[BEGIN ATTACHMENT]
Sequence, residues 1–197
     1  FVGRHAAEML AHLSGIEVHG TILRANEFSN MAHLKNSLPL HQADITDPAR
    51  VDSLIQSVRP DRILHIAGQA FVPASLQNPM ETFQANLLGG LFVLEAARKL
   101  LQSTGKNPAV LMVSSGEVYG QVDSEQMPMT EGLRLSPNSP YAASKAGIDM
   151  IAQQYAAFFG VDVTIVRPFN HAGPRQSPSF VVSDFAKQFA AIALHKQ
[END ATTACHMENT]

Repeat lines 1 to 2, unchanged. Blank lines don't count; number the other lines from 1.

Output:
Sequence, residues 1–197
     1  FVGRHAAEML AHLSGIEVHG TILRANEFSN MAHLKNSLPL HQADITDPAR